News Article Details

R.I. treatment centers raise alarm over delayed Medicaid reimbursement

Providence Journal - 3/11/2019

March 11-- Mar. 11--PROVIDENCE -- A statewide coalition of nonprofit behavioral healthcare and substance-abuse treatment centers has gone public with concerns about delays in receiving state Medicaid reimbursement for services they provide.

Delays in cash flow affect staff and management operations, thus imperiling vital care for thousands of vulnerable Rhode Islanders, providers said. In response, the state acknowledged concerns but asserted they are being properly and promptly addressed.

In a letter to Gov. Gina Raimondo, Lynda A. Stein, chairwoman of Woonsocket-based Community Care Alliance, wrote of "the negative impact to our workforce and ultimately to the persons we serve who have severe and persistent mental illness" or are battling addiction. Problems, she wrote, "are growing exponentially greater by the week."

Others joining in a plea for remedy include addiction-treatment organization CODAC; Thrive Behavioral Health, formerly Warwick's Kent Center and Warren's Riverwood Mental Health Services; Discovery House Comprehensive Treatment Center of Providence; and Newport Mental Health.

"We have been reluctant to go public with this problem but now know unless something is done now, many of these critical providers will start reducing services or worse," Newport Mental Health president and CEO Jamie Lehane told The Journal. "This is a widespread system issue, not [for] just a few providers."

Speaking on behalf of the governor, state Medicaid director Patrick Tigue said in an interview Monday that the Executive Office of Health and Human Services is "completely committed" to addressing the reimbursement issues and already has taken steps toward that end.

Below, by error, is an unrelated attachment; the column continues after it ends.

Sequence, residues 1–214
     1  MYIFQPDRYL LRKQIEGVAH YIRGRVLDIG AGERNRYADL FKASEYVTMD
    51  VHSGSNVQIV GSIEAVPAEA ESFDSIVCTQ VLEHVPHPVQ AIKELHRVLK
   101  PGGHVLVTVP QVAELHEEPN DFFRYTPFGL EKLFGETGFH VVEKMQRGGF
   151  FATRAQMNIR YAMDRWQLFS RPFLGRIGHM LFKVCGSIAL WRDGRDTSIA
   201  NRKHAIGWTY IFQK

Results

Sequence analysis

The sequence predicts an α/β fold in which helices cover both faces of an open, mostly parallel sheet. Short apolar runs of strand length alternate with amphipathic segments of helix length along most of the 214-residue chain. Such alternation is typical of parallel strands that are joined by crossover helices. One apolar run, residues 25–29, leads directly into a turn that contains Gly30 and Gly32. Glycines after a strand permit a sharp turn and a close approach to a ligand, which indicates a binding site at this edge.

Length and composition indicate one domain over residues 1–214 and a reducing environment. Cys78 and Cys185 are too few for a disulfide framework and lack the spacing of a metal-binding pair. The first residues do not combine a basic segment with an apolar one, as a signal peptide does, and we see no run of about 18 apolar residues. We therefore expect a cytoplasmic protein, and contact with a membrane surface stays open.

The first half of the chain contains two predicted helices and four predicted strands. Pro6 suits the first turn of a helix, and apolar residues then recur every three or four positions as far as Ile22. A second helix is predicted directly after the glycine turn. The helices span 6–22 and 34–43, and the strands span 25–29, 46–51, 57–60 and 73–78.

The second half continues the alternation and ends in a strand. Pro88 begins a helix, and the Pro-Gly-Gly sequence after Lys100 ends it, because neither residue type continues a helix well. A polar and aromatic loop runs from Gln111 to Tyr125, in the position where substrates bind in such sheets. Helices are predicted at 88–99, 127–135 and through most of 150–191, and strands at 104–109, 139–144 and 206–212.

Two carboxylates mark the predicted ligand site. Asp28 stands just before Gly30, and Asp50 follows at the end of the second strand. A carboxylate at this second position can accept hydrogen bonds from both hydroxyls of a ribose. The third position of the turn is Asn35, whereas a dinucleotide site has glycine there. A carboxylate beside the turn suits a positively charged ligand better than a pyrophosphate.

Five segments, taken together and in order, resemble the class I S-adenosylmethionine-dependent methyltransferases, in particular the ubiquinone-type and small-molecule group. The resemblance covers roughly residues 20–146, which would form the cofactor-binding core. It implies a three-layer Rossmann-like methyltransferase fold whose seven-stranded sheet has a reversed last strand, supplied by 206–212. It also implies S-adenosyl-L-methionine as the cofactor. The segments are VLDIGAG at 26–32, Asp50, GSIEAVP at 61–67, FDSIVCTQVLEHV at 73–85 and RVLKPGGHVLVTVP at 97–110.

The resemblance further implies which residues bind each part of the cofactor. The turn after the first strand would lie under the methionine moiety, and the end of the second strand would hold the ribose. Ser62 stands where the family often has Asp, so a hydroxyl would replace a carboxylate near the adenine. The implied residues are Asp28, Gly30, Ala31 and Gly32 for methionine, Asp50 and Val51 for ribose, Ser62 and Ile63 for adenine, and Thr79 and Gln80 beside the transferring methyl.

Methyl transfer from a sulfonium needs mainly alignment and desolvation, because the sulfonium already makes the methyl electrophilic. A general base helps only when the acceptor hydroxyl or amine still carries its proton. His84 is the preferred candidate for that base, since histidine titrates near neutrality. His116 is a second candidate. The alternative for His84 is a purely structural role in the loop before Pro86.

"These are complex, nuanced issues," Tigue said, ones that do not have an instant solution. But he said they have commanded the attention of the governor's office, his office, and the state Department of Behavioral Healthcare, Developmental Disabilities and Hospitals, which plays a central role, along with private agencies, in providing services.

Stein, a University of Rhode Island psychology professor who holds an adjunct faculty position at Brown University, said in her letter that a root of the problem was the state's decision three years ago to transition Medicaid funding to managed-care organizations United HealthCare, Tufts Health Plan and Neighborhood Health Plan of RI.

"Where Community Care Alliance is concerned, shifting from a state-managed approach to a managed-care model has had dire consequences resulting in short-term salary reductions, delayed payrolls and raises, as well as staff attrition," Stein wrote. "Moreover, as a local non-profit business with over 500 employees, CCA has multiple other payment obligations such as healthcare, liability insurance, building maintenance, mortgages, payroll taxes and more."

"Rhode Island is committed to providing a broad array of high-quality services to Rhode Islanders in need of mental or behavioral-health treatment," Tigue told The Journal. "We are committed to ensuring the success of the system as a whole. Working closely with our managed-care and provider partners, we continue to make significant strides in streamlining billing and payment process.

"Medicaid maintains close oversight of its managed-care organizations as well as provides ongoing technical assistance to both managed-care organizations and providers. Furthermore, Medicaid makes available contingency payments to help meet urgent provider needs, if necessary. I strongly believe, together, we have made consistent and significant progress solving short- and long-term concerns."

Said Community Care Alliance president and CEO Ben Lessing: "While there has been short-term intervention in the form of Medicaid advances to providers, the underlying structural and policy problems have not been resolved. The result is a fragile behavioral health system that cannot be sustained given the current circumstances."

"At the end of the day, the workforce that supports Rhode Islanders with some of the most complex psychiatric and addiction needs is tired, frustrated and asking the state to provide the necessary leadership to immediately stabilize the behavioral-health system while we still have one."

The cash-flow issue is the latest affecting a community behavioral health system that once was held as a national model, but has suffered in recent years due to underfunding, lack of strong political support and other factors, a 2015 Journal investigation disclosed. Improvements since then have been marginal or non-existent, critics today maintain.

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(c)2019 The Providence Journal (Providence, R.I.)

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